Exploiting reality

This morning, I received a LinkedIn message from a man named James Holm, who identified himself as a corporate recruiter with Weyland Industries. Weyland is the corporation that funded the the Prometheus project in the upcoming Ridley Scott movie of the same name.

This message was clearly tailored specifically for me, and I think it’s pretty awesome. But it does raise some interesting questions about the divide between so-called viral marketing and reality. Mr. Holm has a complete profile on LinkedIn which documents his career. But he does not exist.

Because these kinds of campaigns have to exploit existing reality, marketers have to find places where the benefit of advertising revenue for a distribution, content, or platform company (like LinkedIn) outweighs the cost to that company of sacrificing user trust in their experience. In this case, LinkedIn was probably paid a bundle of money to allow Prometheus’ marketers to create fake profiles and send fake messages to users.

The result is that LinkedIn sold my reality to Fox so they could exploit it for the few seconds before I realized the message was fake. But it’s that moment of realization that makes this sort of thing enjoyable. It ends up being net positive for everyone. LinkedIn gets money, Prometheus gets more exposure, and I get a satisfying moment of realization.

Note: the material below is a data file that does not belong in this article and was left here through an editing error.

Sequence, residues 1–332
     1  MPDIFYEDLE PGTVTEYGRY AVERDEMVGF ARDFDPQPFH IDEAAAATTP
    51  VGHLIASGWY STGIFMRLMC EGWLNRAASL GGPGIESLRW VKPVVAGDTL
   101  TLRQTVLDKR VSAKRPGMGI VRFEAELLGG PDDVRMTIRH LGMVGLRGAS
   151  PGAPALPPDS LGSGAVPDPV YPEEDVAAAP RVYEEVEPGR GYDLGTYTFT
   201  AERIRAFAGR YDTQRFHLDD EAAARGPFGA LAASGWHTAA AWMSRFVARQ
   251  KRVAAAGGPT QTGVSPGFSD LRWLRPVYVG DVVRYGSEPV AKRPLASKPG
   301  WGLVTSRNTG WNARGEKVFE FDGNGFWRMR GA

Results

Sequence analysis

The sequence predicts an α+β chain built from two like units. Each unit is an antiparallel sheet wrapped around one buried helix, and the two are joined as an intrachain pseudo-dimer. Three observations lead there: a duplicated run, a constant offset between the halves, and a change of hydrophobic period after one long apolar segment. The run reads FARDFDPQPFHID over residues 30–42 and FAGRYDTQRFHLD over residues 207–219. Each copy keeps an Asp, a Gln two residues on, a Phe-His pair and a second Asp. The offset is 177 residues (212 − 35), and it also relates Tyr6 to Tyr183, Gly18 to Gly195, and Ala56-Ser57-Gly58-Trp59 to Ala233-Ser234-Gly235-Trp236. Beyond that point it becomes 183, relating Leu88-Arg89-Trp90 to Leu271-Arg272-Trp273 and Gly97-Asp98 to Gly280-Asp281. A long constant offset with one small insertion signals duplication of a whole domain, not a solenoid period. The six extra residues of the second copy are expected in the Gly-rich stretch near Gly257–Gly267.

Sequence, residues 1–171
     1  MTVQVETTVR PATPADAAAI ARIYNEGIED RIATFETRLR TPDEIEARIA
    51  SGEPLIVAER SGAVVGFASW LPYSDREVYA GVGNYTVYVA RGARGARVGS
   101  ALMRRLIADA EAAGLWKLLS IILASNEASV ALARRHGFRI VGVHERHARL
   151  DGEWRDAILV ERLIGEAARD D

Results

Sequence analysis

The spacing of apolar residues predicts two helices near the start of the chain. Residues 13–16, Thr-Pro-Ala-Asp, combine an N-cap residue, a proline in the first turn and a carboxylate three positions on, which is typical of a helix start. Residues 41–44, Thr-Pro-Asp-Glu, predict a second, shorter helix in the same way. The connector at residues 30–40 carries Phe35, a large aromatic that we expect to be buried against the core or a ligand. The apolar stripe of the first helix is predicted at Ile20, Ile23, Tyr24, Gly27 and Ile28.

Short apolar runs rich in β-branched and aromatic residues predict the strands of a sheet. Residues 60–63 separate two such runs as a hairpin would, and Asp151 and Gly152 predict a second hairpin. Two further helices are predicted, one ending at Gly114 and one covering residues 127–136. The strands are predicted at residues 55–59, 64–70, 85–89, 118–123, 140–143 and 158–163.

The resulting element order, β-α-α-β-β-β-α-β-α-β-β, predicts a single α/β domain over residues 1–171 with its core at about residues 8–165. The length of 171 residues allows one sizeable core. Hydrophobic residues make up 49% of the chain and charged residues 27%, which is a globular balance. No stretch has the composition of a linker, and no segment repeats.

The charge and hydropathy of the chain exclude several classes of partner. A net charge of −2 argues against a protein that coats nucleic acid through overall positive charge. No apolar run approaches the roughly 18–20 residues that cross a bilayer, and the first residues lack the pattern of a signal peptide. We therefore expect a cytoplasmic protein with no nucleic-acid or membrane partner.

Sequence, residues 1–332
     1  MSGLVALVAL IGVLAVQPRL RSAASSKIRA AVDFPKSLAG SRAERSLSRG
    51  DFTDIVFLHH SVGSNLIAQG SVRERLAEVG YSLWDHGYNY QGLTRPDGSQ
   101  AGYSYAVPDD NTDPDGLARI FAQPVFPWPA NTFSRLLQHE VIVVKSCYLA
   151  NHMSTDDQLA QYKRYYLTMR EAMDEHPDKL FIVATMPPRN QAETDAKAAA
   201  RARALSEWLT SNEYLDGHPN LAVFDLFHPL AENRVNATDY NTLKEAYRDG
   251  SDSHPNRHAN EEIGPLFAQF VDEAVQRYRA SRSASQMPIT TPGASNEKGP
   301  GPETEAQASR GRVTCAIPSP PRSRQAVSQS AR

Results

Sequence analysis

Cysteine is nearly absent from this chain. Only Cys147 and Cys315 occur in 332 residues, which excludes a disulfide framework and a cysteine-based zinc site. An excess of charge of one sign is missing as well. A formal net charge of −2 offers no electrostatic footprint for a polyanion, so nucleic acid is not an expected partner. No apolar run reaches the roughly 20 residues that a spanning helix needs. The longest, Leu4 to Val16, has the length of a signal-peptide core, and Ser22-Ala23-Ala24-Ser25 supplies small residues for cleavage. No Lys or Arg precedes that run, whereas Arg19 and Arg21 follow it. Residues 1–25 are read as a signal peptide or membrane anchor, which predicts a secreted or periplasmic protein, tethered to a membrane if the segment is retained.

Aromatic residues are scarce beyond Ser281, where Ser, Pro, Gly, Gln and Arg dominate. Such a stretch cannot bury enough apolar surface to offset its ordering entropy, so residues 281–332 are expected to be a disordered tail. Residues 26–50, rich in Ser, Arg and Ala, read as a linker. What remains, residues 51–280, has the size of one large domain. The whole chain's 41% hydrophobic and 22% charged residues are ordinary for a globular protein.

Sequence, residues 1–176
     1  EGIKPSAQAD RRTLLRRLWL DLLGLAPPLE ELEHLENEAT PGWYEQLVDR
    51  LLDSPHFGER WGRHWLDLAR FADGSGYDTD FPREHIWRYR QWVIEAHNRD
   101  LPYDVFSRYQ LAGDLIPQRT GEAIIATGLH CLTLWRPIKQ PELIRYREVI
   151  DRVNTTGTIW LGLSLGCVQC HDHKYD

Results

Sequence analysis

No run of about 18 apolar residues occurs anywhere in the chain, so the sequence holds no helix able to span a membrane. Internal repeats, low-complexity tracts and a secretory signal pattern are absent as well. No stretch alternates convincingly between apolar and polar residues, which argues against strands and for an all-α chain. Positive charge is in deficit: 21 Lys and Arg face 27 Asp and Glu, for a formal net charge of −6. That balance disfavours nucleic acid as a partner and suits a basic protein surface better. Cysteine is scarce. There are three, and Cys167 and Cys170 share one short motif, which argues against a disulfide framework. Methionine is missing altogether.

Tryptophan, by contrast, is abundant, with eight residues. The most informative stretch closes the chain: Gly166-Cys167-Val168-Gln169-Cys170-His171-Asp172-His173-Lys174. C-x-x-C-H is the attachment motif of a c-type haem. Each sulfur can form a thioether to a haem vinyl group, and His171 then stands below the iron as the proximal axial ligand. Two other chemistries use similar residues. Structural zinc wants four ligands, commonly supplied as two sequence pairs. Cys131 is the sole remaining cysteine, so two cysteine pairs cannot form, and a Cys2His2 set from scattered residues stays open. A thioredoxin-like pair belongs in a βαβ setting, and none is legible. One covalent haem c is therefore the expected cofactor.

Hilariously, in this instance, the marketers became suckers in their own game, and chose a poor tertiary partner that basically ruined the experience for me. Microsoft’s IE 9 advertising is horrendous, and I can’t imagine that it’s worth the enormous expense I’m sure they had to pay Fox for such a blatant and absurd inclusion in the LinkedIn message.

See also: The Game, which is based on similar themes


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